8. ^ Anne Hathaway takes on ‘Colossal’ sized movie role (www.digitaltrends.com)
  9. ^ IndieWire says (www.indiewire.com)
  10. ^ Variety (variety.com)
  11. ^ Chelsea Handler led a Women’s March in Park City (mashable.com)

Anne Hathaway takes on ‘Colossal’ sized movie role

Why it matters to you

Oscar winning actress Anne Hathway isn’t afraid to stretch her acting wings by going the indie route

Anne Hathaway seems far from her Oscar winning role in Les Miserables in her upcoming movie Colossal. She plays Gloria, a hard partying woman who discovers she has some kind of telepathic link with a huge monster[1] that is busy trashing Seoul, South Korea. “A monster mash-up of indie comedy and kaiju carnage, it’s like “Pacific Rim” except with dive bars instead of multi-story mech suits” CNET says[2]. The film is now playing at Sundance, where it earned a B+ mark[3].

“I would have loved this movie and felt so cool knowing it existed,” Hathaway said last fall on the website IndieWire[4], from its big debut at the Toronto International Film Festival. “I did this one for my 16-year-old self.”

More: First photos from ‘Pacific Rim: Maelstrom’ set feature Star Wars actor[5]

On the site, Hathaway, who is no stranger to big studio productions, embraced the fact that this rather quirky effort was an indie production. With an independent movie, you may not get the huge marketing push and financial resources, but you also don’t get big studio interference. An indie film also isn’t constrained by “safe” creative, artistic decisions. “In those circumstances you’re sometimes encouraged to make fear-based decisions,” Hathaway said on IndieWire. “In this one, it just felt very free spirited, and we were working with an amazing company, Voltage, that trusted their filmmaker.”

Colossal doesn’t fit any of the usual Hollywood ready-made formats, either. Is it an action movie? Is it a rom-com? Referencing its Toronto Film Festival premiere, Hathaway added “This movie doesn’t have a clear genre, and I think the audience trusted that and understood that it’s okay to laugh and go to a more emotional, powerful place. They don’t negate each other.”

Colossal also stars Jason Sudeikis, Dan Stevens, Austin Stowell, and Blake Nelson. It opens April 7 in the U.S.

[embedded content]

References

  1. ^ huge monster (www.digitaltrends.com)
  2. ^ CNET says (www.cnet.com)
  3. ^ B+ mark (consequenceofsound.net)
  4. ^ IndieWire (www.indiewire.com)
  5. ^ First photos from ‘Pacific Rim: Maelstrom’ set feature Star Wars actor (www.digitaltrends.com)

SpaceX makes triumphant return following fall disaster

What is it about space that intrigues the corporate moguls of the day? Richard Branson has his Virgin Galactic[1], while Amazon’s Jeff Bezos counts Blue Origin[2] as part of his portfolio. Perhaps they all grew up on Star Trek — it’s that final frontier thing.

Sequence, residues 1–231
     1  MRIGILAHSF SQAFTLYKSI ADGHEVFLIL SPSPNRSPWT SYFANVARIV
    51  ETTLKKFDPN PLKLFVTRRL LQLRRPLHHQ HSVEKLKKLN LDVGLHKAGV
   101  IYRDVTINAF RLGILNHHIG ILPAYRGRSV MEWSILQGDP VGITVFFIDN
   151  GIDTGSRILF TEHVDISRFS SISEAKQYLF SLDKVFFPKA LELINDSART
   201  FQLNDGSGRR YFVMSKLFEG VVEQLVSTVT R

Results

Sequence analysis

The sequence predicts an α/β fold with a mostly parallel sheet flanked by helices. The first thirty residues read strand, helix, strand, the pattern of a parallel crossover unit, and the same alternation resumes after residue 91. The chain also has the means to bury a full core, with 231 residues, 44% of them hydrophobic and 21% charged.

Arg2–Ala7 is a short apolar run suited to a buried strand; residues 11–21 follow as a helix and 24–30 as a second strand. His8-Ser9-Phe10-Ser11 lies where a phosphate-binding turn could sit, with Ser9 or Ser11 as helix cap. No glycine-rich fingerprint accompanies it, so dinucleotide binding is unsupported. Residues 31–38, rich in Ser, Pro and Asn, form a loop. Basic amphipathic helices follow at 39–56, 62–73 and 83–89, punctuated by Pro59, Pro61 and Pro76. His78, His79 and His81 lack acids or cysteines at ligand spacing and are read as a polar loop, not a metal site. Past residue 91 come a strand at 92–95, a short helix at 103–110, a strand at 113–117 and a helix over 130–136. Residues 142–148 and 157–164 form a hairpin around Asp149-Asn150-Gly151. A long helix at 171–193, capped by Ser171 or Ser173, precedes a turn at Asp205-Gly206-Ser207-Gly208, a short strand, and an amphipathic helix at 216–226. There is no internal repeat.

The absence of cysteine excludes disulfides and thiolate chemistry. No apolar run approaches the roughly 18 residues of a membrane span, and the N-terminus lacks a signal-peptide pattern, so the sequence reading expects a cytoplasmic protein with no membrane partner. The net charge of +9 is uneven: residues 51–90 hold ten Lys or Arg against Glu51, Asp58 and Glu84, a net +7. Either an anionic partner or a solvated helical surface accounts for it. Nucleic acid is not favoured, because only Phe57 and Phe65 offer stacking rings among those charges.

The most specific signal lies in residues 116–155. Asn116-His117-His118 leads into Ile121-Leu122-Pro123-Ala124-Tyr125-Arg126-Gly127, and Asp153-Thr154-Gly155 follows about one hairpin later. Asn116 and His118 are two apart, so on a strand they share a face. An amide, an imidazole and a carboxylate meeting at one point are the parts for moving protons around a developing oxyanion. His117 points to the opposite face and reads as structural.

And here we have Tesla CEO Elon Musk in the news once again with his SpaceX[3] program. The aerospace designer and manufacturer had a successful Saturday, launching the “Iridium-1” mission: A Falcon 9 rocket from Vandenberg AFB in California. The rocket carried 10 satellites into space for Iridium, a voice/data company. Not only did the satellites make it into space, but the first stage rocket booster successfully returned, landing on a floating platform known as a drone ship. CNN points out[4] that due to the usual one-and-done use of typical rockets (and the cost), sticking the return landing is the key concept in making these efforts more affordable, as the boosters can be used again. Saturday marked SpaceX’s seventh successful landing.

More: SpaceX may have finally zeroed in on cause of September’s rocket explosion[5]

News of the successful launch is sure to give SpaceX a shot in the confidence arm. Back in the fall, it lost a rocket plus payload in a fiery explosion during pre-launch testing at Cape Canaveral Air Force Station in Florida. AP says[6] “SpaceX announced this month that investigators concluded the accident involved a failure of one of three helium tanks inside the rocket’s second-stage liquid oxygen tank.”

SpaceX reportedly has a busy schedule, too — it has 70 launches on the books, worth $10 billion. Besides the commercial payload launches, SpaceX hauls supplies up to the International Space Station and is working on a capsule that will transport astronauts to the station as well.

The sheer vastness of space and the limitless possibilities are compelling reasons to shoot for the stars. Human history is replete with those that have sought to push — and break — boundaries in all their forms. “To boldly go … ” and all that. And with $10 billion in launches on the docket, space is also a tidy cash machine for SpaceX, too.

References

  1. ^ Virgin Galactic (www.digitaltrends.com)
  2. ^ Blue Origin (www.digitaltrends.com)
  3. ^ SpaceX (www.spacex.com)
  4. ^ CNN points out (www.cnn.com)
  5. ^ SpaceX may have finally zeroed in on cause of September’s rocket explosion (www.digitaltrends.com)